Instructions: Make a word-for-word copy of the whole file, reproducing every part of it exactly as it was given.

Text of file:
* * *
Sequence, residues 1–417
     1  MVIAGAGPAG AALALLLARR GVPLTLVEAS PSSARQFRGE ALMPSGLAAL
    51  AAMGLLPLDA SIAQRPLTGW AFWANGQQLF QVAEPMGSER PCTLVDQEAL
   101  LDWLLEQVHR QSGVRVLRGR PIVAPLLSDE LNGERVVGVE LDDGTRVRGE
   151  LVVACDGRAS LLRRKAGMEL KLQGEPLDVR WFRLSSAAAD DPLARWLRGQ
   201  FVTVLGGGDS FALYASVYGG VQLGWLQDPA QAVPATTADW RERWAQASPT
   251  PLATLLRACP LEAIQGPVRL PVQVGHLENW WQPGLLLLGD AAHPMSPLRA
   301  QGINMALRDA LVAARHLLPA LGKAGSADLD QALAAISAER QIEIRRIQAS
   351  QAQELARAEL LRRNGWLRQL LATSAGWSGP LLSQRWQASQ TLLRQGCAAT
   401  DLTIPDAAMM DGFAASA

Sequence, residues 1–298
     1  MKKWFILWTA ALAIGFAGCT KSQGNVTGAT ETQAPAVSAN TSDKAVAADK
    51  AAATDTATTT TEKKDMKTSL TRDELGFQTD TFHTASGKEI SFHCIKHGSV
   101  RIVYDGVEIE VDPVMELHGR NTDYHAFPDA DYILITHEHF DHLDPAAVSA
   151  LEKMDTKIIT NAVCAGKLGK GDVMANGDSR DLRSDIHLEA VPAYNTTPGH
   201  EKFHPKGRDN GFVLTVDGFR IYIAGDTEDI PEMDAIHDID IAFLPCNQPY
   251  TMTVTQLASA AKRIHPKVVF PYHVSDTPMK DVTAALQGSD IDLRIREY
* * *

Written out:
Sequence, residues 1–417
     1  MVIAGAGPAG AALALLLARR GVPLTLVEAS PSSARQFRGE ALMPSGLAAL
    51  AAMGLLPLDA SIAQRPLTGW AFWANGQQLF QVAEPMGSER PCTLVDQEAL
   101  LDWLLEQVHR QSGVRVLRGR PIVAPLLSDE LNGERVVGVE LDDGTRVRGE
   151  LVVACDGRAS LLRRKAGMEL KLQGEPLDVR WFRLSSAAAD DPLARWLRGQ
   201  FVTVLGGGDS FALYASVYGG VQLGWLQDPA QAVPATTADW RERWAQASPT
   251  PLATLLRACP LEAIQGPVRL PVQVGHLENW WQPGLLLLGD AAHPMSPLRA
   301  QGINMALRDA LVAARHLLPA LGKAGSADLD QALAAISAER QIEIRRIQAS
   351  QAQELARAEL LRRNGWLRQL LATSAGWSGP LLSQRWQASQ TLLRQGCAAT
   401  DLTIPDAAMM DGFAASA

Sequence, residues 1–298
     1  MKKWFILWTA ALAIGFAGCT KSQGNVTGAT ETQAPAVSAN TSDKAVAADK
    51  AAATDTATTT TEKKDMKTSL TRDELGFQTD TFHTASGKEI SFHCIKHGSV
   101  RIVYDGVEIE VDPVMELHGR NTDYHAFPDA DYILITHEHF DHLDPAAVSA
   151  LEKMDTKIIT NAVCAGKLGK GDVMANGDSR DLRSDIHLEA VPAYNTTPGH
   201  EKFHPKGRDN GFVLTVDGFR IYIAGDTEDI PEMDAIHDID IAFLPCNQPY
   251  TMTVTQLASA AKRIHPKVVF PYHVSDTPMK DVTAALQGSD IDLRIREY